The easy part is dreaming. The hard part is believing. It is tough to believe in something so much that causes tunnel vision. We believe in our vision, but depending on how long it takes, our cheerleaders run out of cheers and get weary in our well doing.  Believing in a dream means work, commitment, and dedication. Belief in the vision is a selfish act, and sadly I am not that selfish. I sure as hell want to be, but the way my spirit works….I just can’t do it.

The scorned ex-wife ended up going crazy and trying to kill the ex-husband. She toiled and troubled for half her life because she gave him the space to believe in the dream, but she also knew survival meant food, power, and water. As much as I  need to dream the dream, I need to not end up with a crazy ex-husband more. I need healthy children more. I need a regular paycheck more. I can chip away at what I want slowly and surely, but what I am not willing to give up for the belief of a thing is everything else. It won’t stop me from thinking left or right. But, it will slow me down a bit, and that is cool. I’ve got nothing but time…I just pray it doesn’t take twenty years.

~SM

 

Hard Head = Soft Arss

Oh, the joy of selfish, self-centered, selfish (did I say that twice?) teenagers. They are truly what makes the world go ‘round. Them and all their ‘Me Me Me’. It makes the world a much better place and it provides parents of said teens a respite from the everyday struggles of Life Life Life. Said no one ever.

Being a parent of a teen makes you question every wrong thing you ever did…EVER. I find myself sitting in the dark going over the boneheaded, disrespectful, annoying, self-centered things I ever did to The Parents. I was often met with general hissed words that went something like ‘as much as your mother/father does for you….the least you could do is…stop being so damn selfish….’ You know, typical parent to teen conversation.

But parents are dumb. They don’t know anything. They have no clue how it feels to be [insert asshole teenage issue here]. They are all old and stuff. What do they know?

Welp, parents know more than you, assclown…is what she doesn’t say to her eighteen-year-old-self-absorbed-know-it-all child. Instead, I stand down. I wave the white flag and snicker behind their back. Know why? Yea, you do. You know why. You know the moment they step foot onto that real-world sidewalk life comes fast. Cars break down, paychecks get sucked up by everything but wants, love hurts, food does not just magically appear in the pantry, and the decision between a gallon of milk or a gallon of gas is life changing. See, they don’t know that. They have no idea what they are about to walk into.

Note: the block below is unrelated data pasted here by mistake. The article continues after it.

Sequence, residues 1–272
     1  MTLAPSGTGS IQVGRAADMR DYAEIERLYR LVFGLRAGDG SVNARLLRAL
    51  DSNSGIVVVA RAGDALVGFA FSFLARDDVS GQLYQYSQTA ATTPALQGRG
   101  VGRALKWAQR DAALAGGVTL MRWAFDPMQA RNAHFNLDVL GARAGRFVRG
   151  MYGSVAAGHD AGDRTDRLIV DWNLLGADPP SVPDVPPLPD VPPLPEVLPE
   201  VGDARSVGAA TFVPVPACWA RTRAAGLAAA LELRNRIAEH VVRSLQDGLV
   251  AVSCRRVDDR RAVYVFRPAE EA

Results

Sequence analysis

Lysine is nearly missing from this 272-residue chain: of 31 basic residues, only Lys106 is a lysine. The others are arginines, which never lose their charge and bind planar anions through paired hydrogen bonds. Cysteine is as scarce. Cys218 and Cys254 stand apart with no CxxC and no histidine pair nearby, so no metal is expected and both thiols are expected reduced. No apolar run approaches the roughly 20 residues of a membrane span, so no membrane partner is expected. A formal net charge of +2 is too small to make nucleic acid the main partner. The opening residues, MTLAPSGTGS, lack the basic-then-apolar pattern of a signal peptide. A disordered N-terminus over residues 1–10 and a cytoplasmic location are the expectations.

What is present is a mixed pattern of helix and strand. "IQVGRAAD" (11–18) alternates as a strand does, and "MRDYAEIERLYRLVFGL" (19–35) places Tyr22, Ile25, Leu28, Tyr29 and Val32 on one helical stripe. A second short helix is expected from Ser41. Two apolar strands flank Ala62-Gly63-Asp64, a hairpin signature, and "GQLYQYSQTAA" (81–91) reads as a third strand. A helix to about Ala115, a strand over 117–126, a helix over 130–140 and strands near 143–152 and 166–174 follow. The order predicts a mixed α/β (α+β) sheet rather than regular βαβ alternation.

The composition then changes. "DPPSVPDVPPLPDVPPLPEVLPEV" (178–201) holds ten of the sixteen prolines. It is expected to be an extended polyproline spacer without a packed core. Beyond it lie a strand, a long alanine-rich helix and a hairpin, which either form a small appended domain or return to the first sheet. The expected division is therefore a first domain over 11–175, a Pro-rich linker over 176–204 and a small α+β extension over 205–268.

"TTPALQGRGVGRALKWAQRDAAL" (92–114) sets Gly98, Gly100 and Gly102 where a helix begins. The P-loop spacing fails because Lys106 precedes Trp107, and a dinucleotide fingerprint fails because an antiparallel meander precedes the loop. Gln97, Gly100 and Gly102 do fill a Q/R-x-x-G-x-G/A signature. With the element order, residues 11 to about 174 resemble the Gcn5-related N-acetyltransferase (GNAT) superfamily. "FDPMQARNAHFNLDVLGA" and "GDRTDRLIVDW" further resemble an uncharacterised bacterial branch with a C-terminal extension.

But those are lessons you just simply cannot teach. They just have to cut teeth on ’em, as the old folks say. It is a train wreck hard for us to watch, but for them it is necessary.

When the teenage monster rears its ugly, hormonal, pimply, smelly head, I rarely say a thing. There will come a time when they are sitting in the dark and think back on every idiotic moment and cringe. They may or may not apologize. They may or may not pick up the phone just to hear my voice or come visit just for a hug, but I will know they know. Life isn’t so easy, is it? Can’t always have your way, can you? Pouting doesn’t work out there, does it? Mmmmhm…didn’t think so. It is okay, you needed to figure it out for yourself. No amount of yelling, grounding or PS4/iPhone snatching was going to get through that thick skull. Only life can do that (wink).

~SM

Settling Into Oldish

Whenever I would tease Mommy about getting older, she would smile and say she was happier to be getting older. At twenty years her junior, I could not understand. Older meant things were falling apart and wrinkles. Older meant menopause and drooping everything. Old age meant walkers and medicines. Why be happy about that? Seventy-four days away from the big four-oh, I think I get it.

As you age, you settle more into yourself. The tightly wound ball of confusion that once was you at twenty is now settled and relaxed at fifty. She was excited about the relaxing part. The settling. I get it.

Now that it is my turn for ribbing from youngins, I find myself thinking about Mommy. She hasn’t quite embraced the housecoat (with the snap buttons, ‘member those?) but she has settled in. She isn’t wearing weaves and lashes, but upon suggestion (from The Boy) she will listen to a little Chief Keef. She often proclaims her ‘too old for [insert foolishness here]’ motto and leaves it where they land, but she can entertain an in house Nerf gun fight foolishness, too. She is where she is and that is okay. As I slide into another year, another grey I find myself working toward okay as well.